Scope of review and key issues
With over 21,000 installations registered, many already view the feed-in tariffs (FIT) scheme for small-scale, low-carbon electricity generation as a success. However, the government is concerned at the high uptake by so-called 'super-size' solar installations and wants to find FIT savings in 2014 and 2015. Therefore, on February 7 2011 the secretary of state for energy and climate change announced plans for the first review of the scheme.
Scope of review and key issues
The review will assess all aspects of the scheme, including tariff levels and eligible technologies. It will be completed by the end of 2011, with tariffs remaining unchanged until April 2012, unless there is a need for greater urgency. Controversially, there will be a fast-track consideration of solar projects of over 50 kilowatts (kW), with any resulting changes to tariffs to be made as soon as practicable. Many would argue that 50kW is hardly 'supersize' - the fast track will capture some solar roof-based schemes, as well as the ground-based solar parks that are within the scope of the scheme, but perhaps should not be.
The consultation on the fast-track review was formally launched on March 18 2011 - submissions are sought by May 6 2011. As expected, it also looks into the low uptake of FITs by farm-based anaerobic digestion plants. Views are also sought by April 12 2011 on the scope of the comprehensive review of the scheme that the Department for Energy and Climate Change hopes will take place over the summer.
The application of the scheme to large-scale photovoltaic installations is being reviewed because the department is worried about the risk of such installations expanding rapidly over the next few years. This, in turn, could have a significant impact on whether the FIT scheme can deliver the savings to which the government is committed under the 2010 spending review, and whether it will work within that review's spending constraints. The concern is that such installations could draw funding from other technologies and scales of generation, and undermine the value for money of the scheme as a whole.
Farm-scale anaerobic digestion
Farm-based anaerobic digestion is being reviewed because it appears that the tariff is not high enough to make such schemes worthwhile, particularly in light of the non-financial barriers arising from the complexity of the technology.
The department intends to change the tariff bands with effect from August 1 2011. It has emphasised that the government will not act retrospectively, and that any changes to generation tariffs implemented as a result of the review will only affect new scheme entrants.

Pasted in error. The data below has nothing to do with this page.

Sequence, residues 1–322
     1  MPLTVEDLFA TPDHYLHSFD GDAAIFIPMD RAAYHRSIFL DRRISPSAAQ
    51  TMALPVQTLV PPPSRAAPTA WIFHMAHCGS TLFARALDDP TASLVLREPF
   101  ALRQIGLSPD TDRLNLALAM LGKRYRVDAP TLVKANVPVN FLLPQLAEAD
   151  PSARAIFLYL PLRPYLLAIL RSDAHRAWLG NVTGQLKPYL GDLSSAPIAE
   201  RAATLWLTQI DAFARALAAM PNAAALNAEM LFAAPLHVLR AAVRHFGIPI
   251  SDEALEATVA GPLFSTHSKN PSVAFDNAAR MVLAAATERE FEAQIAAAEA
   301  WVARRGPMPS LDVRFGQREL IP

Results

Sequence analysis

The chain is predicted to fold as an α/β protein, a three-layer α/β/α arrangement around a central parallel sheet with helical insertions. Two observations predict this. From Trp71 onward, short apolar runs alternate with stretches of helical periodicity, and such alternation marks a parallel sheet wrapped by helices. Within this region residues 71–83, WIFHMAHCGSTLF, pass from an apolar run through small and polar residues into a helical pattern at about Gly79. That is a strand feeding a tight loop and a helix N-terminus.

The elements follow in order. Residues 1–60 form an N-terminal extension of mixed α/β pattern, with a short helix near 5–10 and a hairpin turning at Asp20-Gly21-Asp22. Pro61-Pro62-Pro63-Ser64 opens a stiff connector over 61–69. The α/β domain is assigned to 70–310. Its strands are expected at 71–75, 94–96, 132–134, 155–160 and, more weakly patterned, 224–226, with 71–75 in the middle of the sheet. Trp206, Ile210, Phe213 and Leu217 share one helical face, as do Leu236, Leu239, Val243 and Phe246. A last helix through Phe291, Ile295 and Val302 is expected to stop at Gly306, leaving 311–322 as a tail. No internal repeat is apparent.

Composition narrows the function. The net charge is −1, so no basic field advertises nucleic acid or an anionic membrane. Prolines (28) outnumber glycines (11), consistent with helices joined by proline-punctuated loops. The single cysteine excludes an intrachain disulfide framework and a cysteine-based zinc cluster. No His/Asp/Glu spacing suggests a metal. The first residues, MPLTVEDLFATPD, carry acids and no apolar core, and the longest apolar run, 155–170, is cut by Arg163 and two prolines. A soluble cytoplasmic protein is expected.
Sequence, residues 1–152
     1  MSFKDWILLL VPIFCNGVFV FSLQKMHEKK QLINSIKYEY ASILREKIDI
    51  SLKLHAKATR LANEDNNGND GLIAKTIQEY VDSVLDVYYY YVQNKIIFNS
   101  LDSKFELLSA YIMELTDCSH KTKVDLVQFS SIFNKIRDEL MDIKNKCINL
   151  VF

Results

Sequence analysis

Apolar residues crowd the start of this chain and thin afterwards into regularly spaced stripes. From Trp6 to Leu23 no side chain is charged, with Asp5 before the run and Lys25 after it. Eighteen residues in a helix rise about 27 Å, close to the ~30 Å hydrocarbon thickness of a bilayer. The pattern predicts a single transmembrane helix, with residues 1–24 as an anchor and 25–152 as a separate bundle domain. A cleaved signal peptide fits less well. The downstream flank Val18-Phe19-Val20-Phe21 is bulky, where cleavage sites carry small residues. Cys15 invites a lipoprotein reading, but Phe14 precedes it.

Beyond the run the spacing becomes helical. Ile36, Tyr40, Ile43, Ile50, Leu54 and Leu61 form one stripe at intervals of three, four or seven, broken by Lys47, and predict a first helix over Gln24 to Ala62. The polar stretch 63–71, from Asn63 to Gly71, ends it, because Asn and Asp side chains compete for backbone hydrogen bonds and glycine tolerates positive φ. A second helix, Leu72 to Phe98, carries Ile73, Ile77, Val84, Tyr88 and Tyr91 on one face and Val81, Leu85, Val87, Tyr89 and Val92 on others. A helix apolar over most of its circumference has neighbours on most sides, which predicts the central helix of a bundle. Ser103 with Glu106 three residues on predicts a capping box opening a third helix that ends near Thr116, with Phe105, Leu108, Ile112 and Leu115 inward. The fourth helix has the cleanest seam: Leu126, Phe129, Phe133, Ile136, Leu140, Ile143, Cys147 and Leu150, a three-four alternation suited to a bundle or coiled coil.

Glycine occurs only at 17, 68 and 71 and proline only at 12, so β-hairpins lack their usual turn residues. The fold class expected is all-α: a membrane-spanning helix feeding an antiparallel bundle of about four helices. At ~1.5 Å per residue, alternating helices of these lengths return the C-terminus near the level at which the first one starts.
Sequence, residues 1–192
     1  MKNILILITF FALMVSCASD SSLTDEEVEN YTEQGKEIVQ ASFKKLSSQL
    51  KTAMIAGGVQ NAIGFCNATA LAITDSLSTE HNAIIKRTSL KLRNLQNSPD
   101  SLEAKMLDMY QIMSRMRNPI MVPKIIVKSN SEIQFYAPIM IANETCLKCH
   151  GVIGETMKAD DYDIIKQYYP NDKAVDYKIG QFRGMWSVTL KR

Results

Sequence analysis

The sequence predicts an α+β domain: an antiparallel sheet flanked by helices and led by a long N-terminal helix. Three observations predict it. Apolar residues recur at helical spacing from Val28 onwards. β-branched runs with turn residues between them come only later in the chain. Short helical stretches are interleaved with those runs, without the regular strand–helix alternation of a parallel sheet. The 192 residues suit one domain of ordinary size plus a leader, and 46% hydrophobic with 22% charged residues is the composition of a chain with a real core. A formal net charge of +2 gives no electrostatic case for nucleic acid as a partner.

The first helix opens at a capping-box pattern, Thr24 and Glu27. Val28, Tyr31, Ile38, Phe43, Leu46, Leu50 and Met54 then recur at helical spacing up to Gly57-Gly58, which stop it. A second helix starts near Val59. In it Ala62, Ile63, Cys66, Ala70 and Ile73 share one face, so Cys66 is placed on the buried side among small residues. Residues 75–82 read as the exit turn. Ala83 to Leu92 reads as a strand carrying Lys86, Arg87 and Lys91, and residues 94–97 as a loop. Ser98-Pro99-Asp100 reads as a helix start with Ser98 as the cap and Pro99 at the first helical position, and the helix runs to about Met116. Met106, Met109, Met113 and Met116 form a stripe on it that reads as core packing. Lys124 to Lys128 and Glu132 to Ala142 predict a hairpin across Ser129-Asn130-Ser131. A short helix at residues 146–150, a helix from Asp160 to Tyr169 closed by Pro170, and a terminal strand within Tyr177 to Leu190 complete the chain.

For large photovoltaic installations, the proposed new bands and tariffs are:
- £0.19 per kilowatt hour (kWh) for installations of more than 50kW and less than 150kW;
- £0.15/kWh for installations of more than 150kW and less than 250kW; and
- £0.085/kWh for installations of more than 250kW and less than 5 megawatts, and for standalone installations.
The tariff for installations of more than 250kW and standalone installations apparently means that they will benefit from the same rate as more cost-effective renewable technologies, such as wind. This represents a reduction of over 70% from the original tariff bands for standalone installations. The two new bands have been set by adjusting the original FIT modelling in light of evidence of falling costs of solar photovoltaic installations. They also aim to recognise the distinction between very large, industrial-scale solar developments and larger building-integrated systems that could be installed on schools or hospitals, for example.
For farm-scale anaerobic digestion, the proposed tariffs are £0.14/kWh for installations up to 250kW and £0.13/kWh for installations between 250kWh and 500kWh.
The department has stressed that changes to generation tariffs will have an impact on new entrants only; installations already accredited will not be affected. However, even before the consultation documents were published, there were concerns that the process would increase uncertainty for those looking to manufacture or invest in larger renewable energy projects, and might even jeopardise the United Kingdom's chances of meeting its renewable targets. The disappointment already expressed by some potentially affected parties suggests that the publication of the consultation paper has compounded and not allayed these concerns. Indeed, some argue that the band changes will have a retrospective effect in respect of development costs incurred on projects that are no longer economically viable.
A copy of the consultation paper is available at www.decc.gov.uk/en/content/cms/consultations/fit_review/fit_review.aspx.
For further information on this topic please contact Antony Skinner or Hannah Croft at Ashurst by telephone (+44 20 7638 1111), fax (+44 20 7638 1112) or email ([email protected] or [email protected]).